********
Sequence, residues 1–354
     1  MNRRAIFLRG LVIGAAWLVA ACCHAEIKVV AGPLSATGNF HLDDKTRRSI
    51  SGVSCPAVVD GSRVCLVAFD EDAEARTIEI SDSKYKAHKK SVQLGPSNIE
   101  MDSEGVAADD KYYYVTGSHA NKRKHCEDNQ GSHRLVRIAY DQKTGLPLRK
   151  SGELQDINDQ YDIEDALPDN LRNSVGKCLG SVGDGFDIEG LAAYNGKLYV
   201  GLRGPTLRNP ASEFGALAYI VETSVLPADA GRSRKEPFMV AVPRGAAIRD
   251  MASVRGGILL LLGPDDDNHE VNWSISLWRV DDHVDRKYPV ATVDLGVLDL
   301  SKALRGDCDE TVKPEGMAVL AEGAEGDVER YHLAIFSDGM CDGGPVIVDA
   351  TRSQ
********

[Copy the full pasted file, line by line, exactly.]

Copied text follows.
Sequence, residues 1–354
     1  MNRRAIFLRG LVIGAAWLVA ACCHAEIKVV AGPLSATGNF HLDDKTRRSI
    51  SGVSCPAVVD GSRVCLVAFD EDAEARTIEI SDSKYKAHKK SVQLGPSNIE
   101  MDSEGVAADD KYYYVTGSHA NKRKHCEDNQ GSHRLVRIAY DQKTGLPLRK
   151  SGELQDINDQ YDIEDALPDN LRNSVGKCLG SVGDGFDIEG LAAYNGKLYV
   201  GLRGPTLRNP ASEFGALAYI VETSVLPADA GRSRKEPFMV AVPRGAAIRD
   251  MASVRGGILL LLGPDDDNHE VNWSISLWRV DDHVDRKYPV ATVDLGVLDL
   301  SKALRGDCDE TVKPEGMAVL AEGAEGDVER YHLAIFSDGM CDGGPVIVDA
   351  TRSQ